Starbucks Reserve Seattle store showcases new global format

With the latest generation design and product offer, the new Starbucks Reserve Seattle store which opened this week offers a taste of what is to come for the 1000-plus stores planned globally bearing the sub-brand, including in Asia.

In just 14 months since the concept was unveiled at an investors conference, dozens of Reserve stores have opened including a massive Chinese flagship in Shanghai.


The marketplace-styled Starbucks Reserve Seattle Sodo store is remarkable not just for the latest evolution of the upmarket sub-brand’s fit-out, but for the inclusion of the new Princi Italian restaurant concept with an open kitchen, seamlessly folded into the cafe format. Starbucks plans to open standalone Princi outlets in Seattle, Chicago and New York, so expect to see them integrated into the brand’s offer in key Asian markets as well.

Starbucks partners work in the new Starbucks Reserve store at the Starbucks Support Center in Seattle on Wednesday, February 21, 2018.  (Joshua Trujillo, Starbucks)

Designed in an open, marketplace style, Starbucks Reserve Sodo store customers can engage with and order from partners (employees) at the Princi counter or Reserve coffee bar, then gather with family and friends at community tables or lounge areas around two fireplaces. Open to view is the Princi kitchen where customers can see breads and pastries being made and fresh ingredients prepared daily.



Located on the street level of the company’s headquarters, the store opened on Tuesday (February 27). It was created “to offer a mingling of public and private; a place where Starbucks partners and visitors can relax in a leather lounge chair near the fireplace, nosh on a piece of focaccia at the counter or enjoy the latest Reserve espresso and a flaky cornetti from Princi,” in the words of Starbucks in-house writer Heidi Peiper.


Christian Davies, VP creative global design & innovation for Starbucks, wants visitors to feel like they are part of an experience from the moment they cross the threshold and pass through the entry doors.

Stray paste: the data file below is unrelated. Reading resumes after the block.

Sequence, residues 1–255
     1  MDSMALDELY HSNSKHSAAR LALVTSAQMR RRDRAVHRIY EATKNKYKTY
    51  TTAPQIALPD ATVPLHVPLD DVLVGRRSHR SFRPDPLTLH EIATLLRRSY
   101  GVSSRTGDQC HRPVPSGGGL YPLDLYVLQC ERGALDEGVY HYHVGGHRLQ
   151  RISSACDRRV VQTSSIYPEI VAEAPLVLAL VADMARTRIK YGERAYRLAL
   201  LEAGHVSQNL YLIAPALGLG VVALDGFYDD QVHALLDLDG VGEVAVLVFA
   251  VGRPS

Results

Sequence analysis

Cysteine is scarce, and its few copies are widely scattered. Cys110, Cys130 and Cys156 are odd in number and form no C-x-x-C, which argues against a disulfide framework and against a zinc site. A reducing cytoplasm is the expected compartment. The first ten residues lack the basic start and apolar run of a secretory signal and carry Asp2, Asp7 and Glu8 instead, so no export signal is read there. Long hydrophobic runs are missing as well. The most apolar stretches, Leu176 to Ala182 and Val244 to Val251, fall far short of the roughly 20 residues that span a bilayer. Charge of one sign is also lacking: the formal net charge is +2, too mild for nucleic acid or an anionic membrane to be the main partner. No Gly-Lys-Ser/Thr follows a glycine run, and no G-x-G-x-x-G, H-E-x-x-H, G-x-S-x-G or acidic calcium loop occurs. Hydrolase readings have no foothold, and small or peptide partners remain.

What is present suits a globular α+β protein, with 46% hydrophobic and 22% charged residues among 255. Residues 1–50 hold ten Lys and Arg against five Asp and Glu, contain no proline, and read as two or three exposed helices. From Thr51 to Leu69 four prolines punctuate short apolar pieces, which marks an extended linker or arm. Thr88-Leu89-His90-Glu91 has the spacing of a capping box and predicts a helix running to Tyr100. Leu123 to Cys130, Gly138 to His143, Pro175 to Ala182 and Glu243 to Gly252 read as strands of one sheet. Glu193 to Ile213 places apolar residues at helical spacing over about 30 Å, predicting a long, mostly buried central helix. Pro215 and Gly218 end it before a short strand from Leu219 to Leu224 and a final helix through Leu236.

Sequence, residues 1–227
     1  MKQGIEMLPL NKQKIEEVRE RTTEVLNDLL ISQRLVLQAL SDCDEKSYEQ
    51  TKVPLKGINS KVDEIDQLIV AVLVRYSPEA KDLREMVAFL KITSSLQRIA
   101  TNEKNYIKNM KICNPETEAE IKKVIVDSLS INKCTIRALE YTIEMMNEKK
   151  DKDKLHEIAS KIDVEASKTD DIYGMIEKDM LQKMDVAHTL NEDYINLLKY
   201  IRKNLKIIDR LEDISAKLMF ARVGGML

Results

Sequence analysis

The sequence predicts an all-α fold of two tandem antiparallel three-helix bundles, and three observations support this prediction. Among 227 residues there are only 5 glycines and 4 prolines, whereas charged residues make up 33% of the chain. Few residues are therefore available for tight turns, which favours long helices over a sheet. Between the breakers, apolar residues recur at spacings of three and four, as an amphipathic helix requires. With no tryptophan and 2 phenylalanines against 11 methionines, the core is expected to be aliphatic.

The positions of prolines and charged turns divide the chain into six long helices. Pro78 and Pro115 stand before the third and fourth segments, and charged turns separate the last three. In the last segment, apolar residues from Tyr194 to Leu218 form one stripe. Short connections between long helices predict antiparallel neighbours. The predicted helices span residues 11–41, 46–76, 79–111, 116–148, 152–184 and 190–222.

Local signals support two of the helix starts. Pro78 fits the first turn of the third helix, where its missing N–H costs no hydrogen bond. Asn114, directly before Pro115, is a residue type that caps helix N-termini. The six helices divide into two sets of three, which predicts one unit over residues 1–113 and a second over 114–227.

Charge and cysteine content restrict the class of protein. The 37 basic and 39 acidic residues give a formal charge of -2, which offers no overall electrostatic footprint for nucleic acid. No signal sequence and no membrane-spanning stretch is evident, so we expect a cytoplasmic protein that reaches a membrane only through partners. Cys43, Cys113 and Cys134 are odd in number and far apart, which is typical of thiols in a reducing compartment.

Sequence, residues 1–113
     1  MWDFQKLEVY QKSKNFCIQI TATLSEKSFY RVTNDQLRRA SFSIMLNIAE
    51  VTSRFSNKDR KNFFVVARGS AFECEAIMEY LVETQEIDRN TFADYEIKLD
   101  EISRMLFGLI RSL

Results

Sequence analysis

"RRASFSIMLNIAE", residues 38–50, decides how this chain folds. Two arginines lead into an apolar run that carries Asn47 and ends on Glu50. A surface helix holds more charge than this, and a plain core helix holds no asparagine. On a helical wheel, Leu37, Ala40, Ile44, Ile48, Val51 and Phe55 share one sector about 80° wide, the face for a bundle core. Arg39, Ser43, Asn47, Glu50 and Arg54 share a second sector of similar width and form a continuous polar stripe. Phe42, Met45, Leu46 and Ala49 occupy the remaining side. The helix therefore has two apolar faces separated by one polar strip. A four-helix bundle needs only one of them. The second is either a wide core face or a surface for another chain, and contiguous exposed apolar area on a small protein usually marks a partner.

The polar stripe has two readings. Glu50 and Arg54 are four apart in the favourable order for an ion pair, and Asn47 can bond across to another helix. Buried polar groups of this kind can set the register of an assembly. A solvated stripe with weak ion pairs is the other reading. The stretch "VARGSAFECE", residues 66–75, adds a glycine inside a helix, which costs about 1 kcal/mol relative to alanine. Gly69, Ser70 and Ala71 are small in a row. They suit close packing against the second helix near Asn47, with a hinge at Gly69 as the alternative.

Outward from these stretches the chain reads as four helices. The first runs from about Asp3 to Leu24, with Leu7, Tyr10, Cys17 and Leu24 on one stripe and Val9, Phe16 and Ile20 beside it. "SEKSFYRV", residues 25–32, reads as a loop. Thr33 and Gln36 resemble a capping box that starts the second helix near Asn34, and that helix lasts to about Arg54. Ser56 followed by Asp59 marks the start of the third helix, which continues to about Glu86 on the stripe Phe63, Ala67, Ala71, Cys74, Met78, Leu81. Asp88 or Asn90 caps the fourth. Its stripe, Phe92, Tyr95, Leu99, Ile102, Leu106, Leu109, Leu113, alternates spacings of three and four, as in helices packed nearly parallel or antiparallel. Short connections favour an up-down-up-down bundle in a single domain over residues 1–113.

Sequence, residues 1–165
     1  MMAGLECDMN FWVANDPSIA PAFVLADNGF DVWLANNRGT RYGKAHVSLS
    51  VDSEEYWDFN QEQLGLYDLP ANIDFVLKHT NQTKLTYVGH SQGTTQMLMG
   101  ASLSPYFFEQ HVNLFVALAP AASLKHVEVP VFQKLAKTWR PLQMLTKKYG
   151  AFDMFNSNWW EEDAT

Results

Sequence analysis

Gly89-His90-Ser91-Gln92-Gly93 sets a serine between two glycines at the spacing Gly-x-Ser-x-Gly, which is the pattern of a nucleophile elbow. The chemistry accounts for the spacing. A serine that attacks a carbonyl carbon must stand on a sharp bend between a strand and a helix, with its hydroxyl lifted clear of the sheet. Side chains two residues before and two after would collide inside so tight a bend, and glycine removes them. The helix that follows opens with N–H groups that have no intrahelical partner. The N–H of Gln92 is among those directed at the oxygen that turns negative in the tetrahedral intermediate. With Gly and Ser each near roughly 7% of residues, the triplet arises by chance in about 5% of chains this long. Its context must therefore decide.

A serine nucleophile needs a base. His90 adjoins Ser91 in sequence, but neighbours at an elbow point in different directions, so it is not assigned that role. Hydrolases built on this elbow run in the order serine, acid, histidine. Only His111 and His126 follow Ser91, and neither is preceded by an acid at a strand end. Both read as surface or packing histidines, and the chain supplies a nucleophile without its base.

“Every detail is deliberate, starting with the pattern on the hand-carved doors – concentric circles borrowed from the art for a Starbucks Reserve coffee card.


“When you walk into the space from the entry, you can take everything in in the sweep of an eye,” says Davies. “We wanted people to walk through those doors and immediately find themselves in something different and unique, but they would still recognise as Starbucks.”

To the left, there’s a colorful art installation. Just beyond is the chef’s table and Princi case.


Behind that, through framed art glass, is the Princi kitchen. Anchoring the center of the main cafe is a floor-to-ceiling fireplace, signaling a welcoming place to gather. Then look to the right and you’ll see a long wood-topped craft bar with Starbucks Reserve coffees and a mixology bar, finishing with the coffee library and doors to the patio.

Starbucks_Reserve_SODO_(20)In addition to the open layout, Davies added other subtle touches, such as flecks of amber-colored glass and mirror sprinkled into the concrete floor that help suggest a path through the store.

“When people come into a space they can navigate, you can see their shoulders relax. They instantly feel more comfortable,” says Davies.


Art meets leisure

The path begins at a stunning copper art installation that features nearly 3700 Starbucks Reserve cards, designed in-house. From a distance, the card wall’s shape evokes the topography of the gentle mountains where coffee is grown. Each card can pivot, creating shimmering waves of color like fish scales. But step closer, and individual coffee cards come into view, each one a work of art in itself. Every now says and again, a copper card is planted in the field of cards that tells a story about Starbucks Reserve.